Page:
Clairemont, San Diego
Clairemont is a community within the city of San Diego, United States. It has a population of about 81,600 residents and an area of 13.3 square miles. Clairemont Mesa is bordered by Interstate 805 on the east, Interstate 5 to the west, State Route 52 to the north, the community of Linda Vista to the south; the community of Clairemont Mesa can be subdivided into the neighborhoods of North Clairemont, Bay Ho, Clairemont Mesa East, Clairemont Mesa West, Bay Park. Developers Lou Burgener and Carlos Tavares named their community Clairemont after Tavares' wife, Claire; the Kumeyaay Indians came to the canyon area within Clairemont centuries ago in search of food and shelter. It was given the name Tecolote, after this native bird. Judge Hyde was one of the first settlers of Clairemont and began farming in Tecolote Canyon back in 1872. Farming and ranching continued in the area until World War II. In 1887 the Morena Subdivision was mapped; the 1,200-acre subdivision was bounded by streets that are known today as Morena Boulevard on the west, Milton Street on the south, Illion Street on the east, on the north by an east-west line 1,000 feet north of Gesner Street.
In 1887 a train depot was constructed in the vicinity of Kane Street and Morena Boulevard to accommodate potential buyers in the Morena Subdivision. It was torn down in the early 1920s. In 1936 the Bay Park Village Subdivision was approved by the City Council; this project, located south of Morena Subdivision and south of Milton Street featured 60 by 100 feet or larger lots for single-family homes. In 1939 Bay Park Elementary School was constructed at 2433 Denver Street. In 1950, Carlos Tavares and Lou Burgener developed what became San Diego's largest post-war subdivision. Dubbed "The Village Within a City", people started living in this new Clairemont subdivision in May 1951; the design of this new subdivision represented a new concept in community living because it did not incorporate the traditional grid system of uniform blocks and streets. Instead, winding streets and scenic view lots took advantage of the canyons and bluffs overlooking Mission Bay; the first homes, built by Burgener and Tavares Construction Company, had customized floor plans.
The developers assembled the necessary acreage to develop Clairemont from three primary land holdings: the Peavey Cattle Ranch, Mission Bay Heights, Tecolote Heights. Before any homes were built in the new development, Tavares & Burgener invested $125,000 in off-street improvements including sewers and access roads; the original subdivision map that used the name “Clairemont” for the first time was approved and recorded by the County of San Diego on October 16, 1950. The map was named "Clairemont Unit #1, Map #2725"; this is the area in Clairemont that includes Deerpark Drive, Burgener Boulevard, Grandview Street from Field Street to Jellett Street. According to Burgener, "Between 1952 & 1954, seven homes were constructed a day", it is noted that Clairemont was the largest development of its kind in the country. Within a few years, several thousand houses had been constructed, including single family homes and apartments. Since Clairemont was somewhat removed from the city proper, commercial business and retail shopping, schools and other city amenities were designed into the overall plan.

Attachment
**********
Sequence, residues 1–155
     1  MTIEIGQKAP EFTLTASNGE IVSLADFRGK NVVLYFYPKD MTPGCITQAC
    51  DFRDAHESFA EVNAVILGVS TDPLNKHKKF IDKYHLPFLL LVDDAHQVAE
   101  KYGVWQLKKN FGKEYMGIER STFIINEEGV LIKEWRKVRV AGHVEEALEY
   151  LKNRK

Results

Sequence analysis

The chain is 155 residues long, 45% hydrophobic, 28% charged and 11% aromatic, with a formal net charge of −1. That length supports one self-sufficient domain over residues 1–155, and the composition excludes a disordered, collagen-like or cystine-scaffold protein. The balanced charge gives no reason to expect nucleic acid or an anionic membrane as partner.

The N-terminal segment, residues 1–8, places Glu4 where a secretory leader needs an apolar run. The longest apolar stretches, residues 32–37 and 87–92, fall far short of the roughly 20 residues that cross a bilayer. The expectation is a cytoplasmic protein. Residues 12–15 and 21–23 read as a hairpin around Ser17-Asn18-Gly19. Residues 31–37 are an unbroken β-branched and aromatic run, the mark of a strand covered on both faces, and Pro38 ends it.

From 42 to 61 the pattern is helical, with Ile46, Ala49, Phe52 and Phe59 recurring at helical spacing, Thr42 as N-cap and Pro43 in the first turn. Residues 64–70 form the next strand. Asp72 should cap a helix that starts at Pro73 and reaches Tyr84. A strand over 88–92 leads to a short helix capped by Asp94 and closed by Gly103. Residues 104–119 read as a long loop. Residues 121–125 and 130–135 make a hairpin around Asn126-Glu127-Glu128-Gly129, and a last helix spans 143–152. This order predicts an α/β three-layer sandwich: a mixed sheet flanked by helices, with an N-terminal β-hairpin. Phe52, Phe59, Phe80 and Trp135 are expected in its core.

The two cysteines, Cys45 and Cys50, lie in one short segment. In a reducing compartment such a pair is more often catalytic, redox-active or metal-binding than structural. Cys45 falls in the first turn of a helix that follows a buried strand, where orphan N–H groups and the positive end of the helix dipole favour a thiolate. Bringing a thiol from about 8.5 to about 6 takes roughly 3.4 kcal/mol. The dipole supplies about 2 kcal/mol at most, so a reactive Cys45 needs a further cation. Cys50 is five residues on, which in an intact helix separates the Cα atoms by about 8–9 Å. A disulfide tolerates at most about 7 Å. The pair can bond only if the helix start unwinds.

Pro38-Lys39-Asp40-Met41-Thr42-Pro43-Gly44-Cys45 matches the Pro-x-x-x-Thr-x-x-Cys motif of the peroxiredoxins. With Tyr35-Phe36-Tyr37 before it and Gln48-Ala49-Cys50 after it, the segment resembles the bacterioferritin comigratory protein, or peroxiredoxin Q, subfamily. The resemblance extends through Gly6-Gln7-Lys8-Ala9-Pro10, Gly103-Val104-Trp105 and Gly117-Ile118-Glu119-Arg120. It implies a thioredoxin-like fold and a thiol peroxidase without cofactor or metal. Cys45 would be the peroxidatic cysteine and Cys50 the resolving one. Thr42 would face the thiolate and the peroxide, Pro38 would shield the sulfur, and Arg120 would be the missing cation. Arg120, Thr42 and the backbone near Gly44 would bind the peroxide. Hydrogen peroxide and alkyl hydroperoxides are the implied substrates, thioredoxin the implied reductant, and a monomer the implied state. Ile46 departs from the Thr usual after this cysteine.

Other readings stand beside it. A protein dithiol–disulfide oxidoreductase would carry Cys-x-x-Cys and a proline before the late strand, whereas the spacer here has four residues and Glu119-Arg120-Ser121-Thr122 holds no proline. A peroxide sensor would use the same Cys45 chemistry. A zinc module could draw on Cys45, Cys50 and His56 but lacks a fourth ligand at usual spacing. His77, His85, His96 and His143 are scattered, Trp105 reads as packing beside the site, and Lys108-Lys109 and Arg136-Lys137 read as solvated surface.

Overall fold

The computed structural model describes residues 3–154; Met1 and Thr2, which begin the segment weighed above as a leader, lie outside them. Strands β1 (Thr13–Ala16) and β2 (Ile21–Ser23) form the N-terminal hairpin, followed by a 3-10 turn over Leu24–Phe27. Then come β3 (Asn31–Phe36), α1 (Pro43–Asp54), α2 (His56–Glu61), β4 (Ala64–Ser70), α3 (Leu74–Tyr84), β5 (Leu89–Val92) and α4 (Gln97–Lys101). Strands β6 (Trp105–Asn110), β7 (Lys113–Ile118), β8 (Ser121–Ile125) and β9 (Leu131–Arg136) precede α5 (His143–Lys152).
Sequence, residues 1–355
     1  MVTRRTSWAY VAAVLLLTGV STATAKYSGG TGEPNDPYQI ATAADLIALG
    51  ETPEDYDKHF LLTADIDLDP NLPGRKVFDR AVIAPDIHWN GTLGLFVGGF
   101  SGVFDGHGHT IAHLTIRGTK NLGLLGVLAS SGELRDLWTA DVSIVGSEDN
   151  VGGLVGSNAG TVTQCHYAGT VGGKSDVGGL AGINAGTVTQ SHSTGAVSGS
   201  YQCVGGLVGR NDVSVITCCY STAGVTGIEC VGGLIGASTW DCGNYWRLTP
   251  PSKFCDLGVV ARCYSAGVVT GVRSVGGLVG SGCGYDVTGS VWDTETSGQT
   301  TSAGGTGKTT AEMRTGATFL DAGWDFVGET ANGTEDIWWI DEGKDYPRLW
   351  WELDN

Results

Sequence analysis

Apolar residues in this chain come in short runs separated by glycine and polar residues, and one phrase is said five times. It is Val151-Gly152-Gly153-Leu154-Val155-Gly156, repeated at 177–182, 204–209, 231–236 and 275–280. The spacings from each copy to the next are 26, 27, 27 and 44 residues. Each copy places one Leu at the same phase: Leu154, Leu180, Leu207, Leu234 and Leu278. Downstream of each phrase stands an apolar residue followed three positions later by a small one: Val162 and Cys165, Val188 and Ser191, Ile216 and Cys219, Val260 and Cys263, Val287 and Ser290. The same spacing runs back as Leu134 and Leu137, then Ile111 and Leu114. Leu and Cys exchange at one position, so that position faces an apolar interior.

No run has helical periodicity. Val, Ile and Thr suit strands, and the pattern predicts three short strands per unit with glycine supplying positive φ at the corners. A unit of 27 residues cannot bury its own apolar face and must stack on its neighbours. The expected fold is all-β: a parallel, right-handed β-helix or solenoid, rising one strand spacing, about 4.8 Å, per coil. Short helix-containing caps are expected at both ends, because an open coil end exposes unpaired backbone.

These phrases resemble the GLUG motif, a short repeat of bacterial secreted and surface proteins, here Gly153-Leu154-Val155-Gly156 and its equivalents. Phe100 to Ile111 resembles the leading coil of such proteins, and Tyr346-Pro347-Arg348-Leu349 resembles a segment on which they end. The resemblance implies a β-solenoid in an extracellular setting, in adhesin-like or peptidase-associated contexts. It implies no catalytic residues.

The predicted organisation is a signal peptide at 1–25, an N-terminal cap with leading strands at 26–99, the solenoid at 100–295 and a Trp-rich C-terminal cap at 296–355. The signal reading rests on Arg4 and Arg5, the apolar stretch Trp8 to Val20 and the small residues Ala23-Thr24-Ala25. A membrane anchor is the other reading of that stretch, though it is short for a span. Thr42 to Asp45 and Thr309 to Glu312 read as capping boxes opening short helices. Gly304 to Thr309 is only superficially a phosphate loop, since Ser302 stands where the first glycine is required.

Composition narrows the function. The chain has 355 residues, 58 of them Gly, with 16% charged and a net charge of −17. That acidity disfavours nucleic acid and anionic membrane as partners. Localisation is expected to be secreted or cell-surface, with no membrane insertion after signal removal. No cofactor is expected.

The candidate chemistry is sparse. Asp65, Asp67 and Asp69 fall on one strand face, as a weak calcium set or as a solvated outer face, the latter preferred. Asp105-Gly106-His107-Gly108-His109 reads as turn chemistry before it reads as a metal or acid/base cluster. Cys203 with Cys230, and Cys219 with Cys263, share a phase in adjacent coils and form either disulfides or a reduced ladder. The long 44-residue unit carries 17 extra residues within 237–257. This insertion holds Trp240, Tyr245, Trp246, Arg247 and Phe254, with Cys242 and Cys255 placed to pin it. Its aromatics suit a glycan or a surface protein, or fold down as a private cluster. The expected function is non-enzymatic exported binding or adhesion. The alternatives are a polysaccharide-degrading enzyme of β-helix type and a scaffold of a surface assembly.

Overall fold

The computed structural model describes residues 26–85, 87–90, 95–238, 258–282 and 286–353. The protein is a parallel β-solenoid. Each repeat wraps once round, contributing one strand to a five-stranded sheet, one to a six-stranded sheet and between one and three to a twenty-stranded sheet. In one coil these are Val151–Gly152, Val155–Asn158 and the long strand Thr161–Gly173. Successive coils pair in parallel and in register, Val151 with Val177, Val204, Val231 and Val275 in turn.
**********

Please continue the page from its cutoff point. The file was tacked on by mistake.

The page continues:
Although the concept of suburban living is commonplace today, this approach was considered novel. Tavares' vision for Clairemont had far-reaching implications for San Diego, as it stretched the city limits outward and began the now familiar pattern of migration from city to suburb. Marian Bear Memorial Park and Tecolote Canyon Natural Park were designated as parks by the City of San Diego in the 1960s and 1970s. Clairemont's main geographical characteristics include mesas and streams; the predominant topographical features are the rolling mesas which are separated by canyons. These mesas are. Tecolote Canyon runs north-south through the center of this community. San Clemente Canyon runs east-west. A stream runs through Tecolote Canyon. Trails extend through the bottom of the canyons for mountain biking; the soil in Clairemont is clay based. The native vegetation includes short brush and cactus. Wildlife in the canyons includes coyotes, feral parrots, owls. Many neighborhoods have views of Mission Bay and the Pacific Ocean on the west, Fortuna Mountain and Cowles Mountain to the east.